On the heels of the release of her fourth studio album, Bear Creek (Columbia Records, $13), Seattle singer-songwriter Brandi Carlile is celebrating the sprightly rock collection by looking back at the songs that have shaped her.
“It was the first song I ever learned to play, when I was 8. My mom suggested it, and it turned out to be a pivotal moment. The story means a lot to me: the tale of a boy who grows up poor, learns to play guitar and winds up on the hit parade. Rosanne Cash was the first person I heard sing it. I didn’t find out it was originally a Johnny Cash song until much later.”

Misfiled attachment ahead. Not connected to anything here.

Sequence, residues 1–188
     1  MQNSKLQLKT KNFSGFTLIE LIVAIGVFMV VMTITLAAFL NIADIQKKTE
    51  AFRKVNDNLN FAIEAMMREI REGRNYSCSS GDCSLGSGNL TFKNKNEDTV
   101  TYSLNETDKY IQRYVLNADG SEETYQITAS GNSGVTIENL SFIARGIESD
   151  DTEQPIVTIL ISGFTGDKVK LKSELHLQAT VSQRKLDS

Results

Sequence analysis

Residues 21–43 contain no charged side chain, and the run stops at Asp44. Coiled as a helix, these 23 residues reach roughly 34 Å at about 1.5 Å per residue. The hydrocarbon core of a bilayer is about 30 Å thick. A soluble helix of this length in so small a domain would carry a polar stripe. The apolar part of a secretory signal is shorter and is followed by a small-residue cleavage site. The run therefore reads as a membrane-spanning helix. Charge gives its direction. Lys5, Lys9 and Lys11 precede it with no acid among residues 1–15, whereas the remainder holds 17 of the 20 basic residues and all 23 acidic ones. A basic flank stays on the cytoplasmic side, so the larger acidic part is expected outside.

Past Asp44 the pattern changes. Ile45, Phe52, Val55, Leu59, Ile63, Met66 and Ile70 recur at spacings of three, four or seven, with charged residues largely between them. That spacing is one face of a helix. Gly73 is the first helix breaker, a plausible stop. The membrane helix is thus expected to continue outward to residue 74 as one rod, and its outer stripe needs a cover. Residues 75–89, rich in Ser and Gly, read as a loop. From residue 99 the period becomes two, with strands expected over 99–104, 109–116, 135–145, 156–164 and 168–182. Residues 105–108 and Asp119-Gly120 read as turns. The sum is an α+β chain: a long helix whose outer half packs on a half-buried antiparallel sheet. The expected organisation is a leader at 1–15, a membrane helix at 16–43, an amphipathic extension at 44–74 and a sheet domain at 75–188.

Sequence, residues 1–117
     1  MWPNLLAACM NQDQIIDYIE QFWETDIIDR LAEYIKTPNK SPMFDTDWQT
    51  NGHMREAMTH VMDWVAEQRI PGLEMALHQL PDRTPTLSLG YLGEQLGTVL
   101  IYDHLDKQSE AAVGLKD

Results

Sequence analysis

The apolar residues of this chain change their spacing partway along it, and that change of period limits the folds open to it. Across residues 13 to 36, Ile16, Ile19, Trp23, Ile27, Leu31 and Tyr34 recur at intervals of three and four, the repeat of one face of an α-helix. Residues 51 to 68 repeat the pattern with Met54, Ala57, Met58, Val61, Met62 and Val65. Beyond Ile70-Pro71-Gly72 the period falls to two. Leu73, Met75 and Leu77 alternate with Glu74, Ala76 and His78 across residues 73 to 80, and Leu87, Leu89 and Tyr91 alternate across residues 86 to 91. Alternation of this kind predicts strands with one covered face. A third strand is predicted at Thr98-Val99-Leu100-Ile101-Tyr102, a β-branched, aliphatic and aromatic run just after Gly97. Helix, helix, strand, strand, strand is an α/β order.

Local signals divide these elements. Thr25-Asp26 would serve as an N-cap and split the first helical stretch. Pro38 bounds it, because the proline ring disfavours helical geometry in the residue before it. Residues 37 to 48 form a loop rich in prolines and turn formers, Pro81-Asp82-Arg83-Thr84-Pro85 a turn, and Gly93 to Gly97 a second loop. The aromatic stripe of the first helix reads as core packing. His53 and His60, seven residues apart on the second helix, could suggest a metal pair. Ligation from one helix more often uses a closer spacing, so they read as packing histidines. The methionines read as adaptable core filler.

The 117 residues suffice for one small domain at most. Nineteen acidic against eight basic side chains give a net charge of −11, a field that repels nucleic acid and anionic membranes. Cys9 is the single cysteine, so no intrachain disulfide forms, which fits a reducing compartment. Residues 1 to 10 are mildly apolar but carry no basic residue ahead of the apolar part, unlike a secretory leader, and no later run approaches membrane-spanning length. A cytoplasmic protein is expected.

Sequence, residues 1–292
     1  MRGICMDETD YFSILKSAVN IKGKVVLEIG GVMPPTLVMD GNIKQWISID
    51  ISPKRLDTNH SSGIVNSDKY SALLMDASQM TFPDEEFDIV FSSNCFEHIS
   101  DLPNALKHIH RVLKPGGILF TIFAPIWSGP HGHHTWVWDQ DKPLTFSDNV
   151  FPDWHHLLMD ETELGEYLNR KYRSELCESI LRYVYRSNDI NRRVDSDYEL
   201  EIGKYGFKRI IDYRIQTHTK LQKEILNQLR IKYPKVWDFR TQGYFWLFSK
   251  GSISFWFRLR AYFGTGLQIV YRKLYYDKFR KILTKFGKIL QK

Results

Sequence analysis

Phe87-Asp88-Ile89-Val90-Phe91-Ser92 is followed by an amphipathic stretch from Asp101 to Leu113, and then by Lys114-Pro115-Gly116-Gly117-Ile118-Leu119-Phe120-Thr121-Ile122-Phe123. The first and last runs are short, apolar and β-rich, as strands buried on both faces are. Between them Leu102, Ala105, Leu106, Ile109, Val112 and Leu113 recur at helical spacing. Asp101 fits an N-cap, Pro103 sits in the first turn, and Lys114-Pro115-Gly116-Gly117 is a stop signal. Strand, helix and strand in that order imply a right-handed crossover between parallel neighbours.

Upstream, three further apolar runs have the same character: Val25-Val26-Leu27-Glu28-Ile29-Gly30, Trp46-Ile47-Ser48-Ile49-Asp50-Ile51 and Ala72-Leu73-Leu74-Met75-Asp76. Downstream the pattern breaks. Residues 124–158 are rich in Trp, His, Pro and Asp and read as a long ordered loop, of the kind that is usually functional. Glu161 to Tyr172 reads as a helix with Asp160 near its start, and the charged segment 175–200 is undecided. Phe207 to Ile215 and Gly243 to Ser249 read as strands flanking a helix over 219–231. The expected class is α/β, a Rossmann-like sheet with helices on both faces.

“It’s probably my favorite song of all time. The vocal is truly outstanding — it feels completely live — and the production is sculpted the way I’ve always wanted my records to sound. It’s just perfect.”
“In 1998, I was playing in bars six nights a week and going through some spiritual turmoil, just stumbling in my faith. I heard Buckley’s version of Leonard Cohen’s song and thought it described the feeling perfectly, so I started playing it. Years later, I Ianded a gig at the Hotel Café in L.A., and there was a sign by the sound board that said ‘Please Do Not Sing “Hallelujah.” ’ That was the first time I realized it was something everyone was doing. But I still love it.”